This year’s Information Meeting will take place on 24 September at 7pm in the School Hall. Refreshments will be served and after telling you more about the Committee and our plans for the year we’ll have plenty of time for you to ask questions or make suggestions. Our Committee is only as strong as our members, so we hope to see a lot of new faces interested in signing up on the 24th!

If you can’t make it to the Information Meeting or have pressing questions in the meantime, please feel free to get in touch with this year’s Committee President, Martha Caldwell on [Telephone Number] or at [Email Address].

We’re looking forward to seeing you soon!

__________________
Frances Fulham
Secretary, Eastham Primary Events Committee

Format of an Open Letter Regarding Formal Events

When an event committee sends out an open letter regarding a formal event the format of the letter should be formal as well. Not only will this convey the tone of the event, but it will help readers understand that the topic is serious and to be respected. While there will not be a name and mailing address available for everyone who reads the open letter, the name, title and mailing address of the writer should be included. These open letters should be dated and signed, and formal salutations and closings should be used. These letters should be printed on formal organisation letterhead if it is available, and postal delivery to targeted households may be used. If postal delivery is not an option then distribution by hand or public notice could also be considered.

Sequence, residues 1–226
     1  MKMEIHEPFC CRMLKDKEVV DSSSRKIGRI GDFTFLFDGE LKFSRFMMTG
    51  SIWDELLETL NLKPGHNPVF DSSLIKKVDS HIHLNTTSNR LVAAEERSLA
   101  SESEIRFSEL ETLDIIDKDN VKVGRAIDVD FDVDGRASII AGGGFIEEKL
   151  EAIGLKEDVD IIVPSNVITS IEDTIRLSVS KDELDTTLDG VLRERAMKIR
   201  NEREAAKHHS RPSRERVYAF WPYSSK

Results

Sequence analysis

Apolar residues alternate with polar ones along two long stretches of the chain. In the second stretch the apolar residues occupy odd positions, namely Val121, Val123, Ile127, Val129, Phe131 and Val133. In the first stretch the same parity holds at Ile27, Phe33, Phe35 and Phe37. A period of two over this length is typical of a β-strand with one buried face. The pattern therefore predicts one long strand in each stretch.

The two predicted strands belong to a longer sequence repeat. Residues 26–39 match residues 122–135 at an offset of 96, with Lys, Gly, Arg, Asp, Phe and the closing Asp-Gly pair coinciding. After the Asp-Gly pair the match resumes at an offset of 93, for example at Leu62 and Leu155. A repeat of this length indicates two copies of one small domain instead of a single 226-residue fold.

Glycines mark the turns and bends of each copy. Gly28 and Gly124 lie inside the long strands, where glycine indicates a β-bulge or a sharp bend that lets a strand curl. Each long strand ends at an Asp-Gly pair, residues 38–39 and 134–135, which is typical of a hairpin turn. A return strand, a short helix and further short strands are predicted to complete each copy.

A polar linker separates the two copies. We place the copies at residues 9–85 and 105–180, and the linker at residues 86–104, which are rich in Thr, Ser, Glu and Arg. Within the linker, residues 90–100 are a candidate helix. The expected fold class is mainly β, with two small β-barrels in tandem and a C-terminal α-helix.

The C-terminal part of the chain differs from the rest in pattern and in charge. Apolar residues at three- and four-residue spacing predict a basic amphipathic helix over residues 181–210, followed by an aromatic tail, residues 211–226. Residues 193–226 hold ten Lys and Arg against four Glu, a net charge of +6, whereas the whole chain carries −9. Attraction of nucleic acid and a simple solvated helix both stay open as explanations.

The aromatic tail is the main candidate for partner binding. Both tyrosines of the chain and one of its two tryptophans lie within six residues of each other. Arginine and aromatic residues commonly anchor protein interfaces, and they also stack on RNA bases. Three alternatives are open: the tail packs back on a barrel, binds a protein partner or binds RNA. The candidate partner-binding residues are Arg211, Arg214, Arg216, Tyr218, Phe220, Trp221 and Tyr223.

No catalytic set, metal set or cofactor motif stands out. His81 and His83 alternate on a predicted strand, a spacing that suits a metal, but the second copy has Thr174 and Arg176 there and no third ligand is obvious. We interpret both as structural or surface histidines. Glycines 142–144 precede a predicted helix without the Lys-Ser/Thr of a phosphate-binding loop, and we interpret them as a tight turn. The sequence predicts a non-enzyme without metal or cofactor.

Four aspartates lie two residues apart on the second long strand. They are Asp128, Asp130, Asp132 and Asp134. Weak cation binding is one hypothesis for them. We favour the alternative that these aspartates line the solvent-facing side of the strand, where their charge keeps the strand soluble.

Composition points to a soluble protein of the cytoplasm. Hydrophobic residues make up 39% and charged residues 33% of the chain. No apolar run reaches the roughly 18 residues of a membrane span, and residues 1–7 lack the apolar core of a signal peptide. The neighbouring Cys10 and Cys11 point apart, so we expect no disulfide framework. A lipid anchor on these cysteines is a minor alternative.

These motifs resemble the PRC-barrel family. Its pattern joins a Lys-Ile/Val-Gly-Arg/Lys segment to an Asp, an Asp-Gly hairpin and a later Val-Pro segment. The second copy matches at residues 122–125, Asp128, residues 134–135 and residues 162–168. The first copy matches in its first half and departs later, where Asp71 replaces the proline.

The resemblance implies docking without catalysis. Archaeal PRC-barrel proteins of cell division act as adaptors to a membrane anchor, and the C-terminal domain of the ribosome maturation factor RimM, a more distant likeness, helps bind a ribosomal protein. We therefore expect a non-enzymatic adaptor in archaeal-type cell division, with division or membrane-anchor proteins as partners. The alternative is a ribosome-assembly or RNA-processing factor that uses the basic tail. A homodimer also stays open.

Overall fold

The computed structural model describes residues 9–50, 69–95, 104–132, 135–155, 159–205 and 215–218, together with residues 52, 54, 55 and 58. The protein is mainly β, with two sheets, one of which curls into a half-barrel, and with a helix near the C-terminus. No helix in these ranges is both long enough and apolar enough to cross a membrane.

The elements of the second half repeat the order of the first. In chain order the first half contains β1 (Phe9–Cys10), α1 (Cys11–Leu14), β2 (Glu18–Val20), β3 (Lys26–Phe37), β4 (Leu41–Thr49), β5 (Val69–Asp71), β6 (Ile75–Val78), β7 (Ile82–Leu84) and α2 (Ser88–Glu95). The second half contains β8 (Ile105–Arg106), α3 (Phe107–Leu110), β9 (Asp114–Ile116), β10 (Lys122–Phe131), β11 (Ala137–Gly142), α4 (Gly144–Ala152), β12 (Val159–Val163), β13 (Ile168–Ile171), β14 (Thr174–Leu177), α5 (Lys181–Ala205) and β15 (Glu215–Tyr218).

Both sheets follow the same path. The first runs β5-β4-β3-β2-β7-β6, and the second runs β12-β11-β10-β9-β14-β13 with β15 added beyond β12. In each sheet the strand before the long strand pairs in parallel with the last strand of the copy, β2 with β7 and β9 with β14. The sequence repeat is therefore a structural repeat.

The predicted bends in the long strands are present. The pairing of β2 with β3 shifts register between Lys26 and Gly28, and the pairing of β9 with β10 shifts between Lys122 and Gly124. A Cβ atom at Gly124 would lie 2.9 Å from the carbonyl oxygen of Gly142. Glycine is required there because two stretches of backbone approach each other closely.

Sample of an Open Letter Regarding Formal Events

Frances Fulham
Secretary, Eastham Primary Events Committee
[Mailing Address]

17 September

Dear Parents of Eastham Primary School Pupils,

It is with great pleasure that I write to you this year to inform you of the growth of the Eastham Primary Events Committee. In the past this small committee has organised incredible bake sales, class parties and other informal events to benefit the school community but this year we are hoping to open our ranks, bring in new members and host a formal Spring Fling gala ball in April. The gala will benefit not only the pupils of Eastham Primary, but also those of our sister school in Uganda so the more help we have making this event a success the more children around the world will benefit from our voluntary efforts.

The Committee’s first Information Evening will be held on 24 September at 7pm in the School Hall. In addition to discussing the work and plans of the Committee a presentation will be made by Headmaster Roberts regarding the importance of having a sister school and how pupils from both schools will enrich each other’s lives. Anyone interested in joining this years Committee will be able to sign up at the end of the evening.

Much like the pupils of Eastham Primary, the parents of this community are a talented group and we look forward to meeting more of you and discovering ways we can all make this year’s events, including the Spring Fling, the most successful yet.

Sincerely,

_________________
Frances Fulham
Secretary, Eastham Primary Events Committee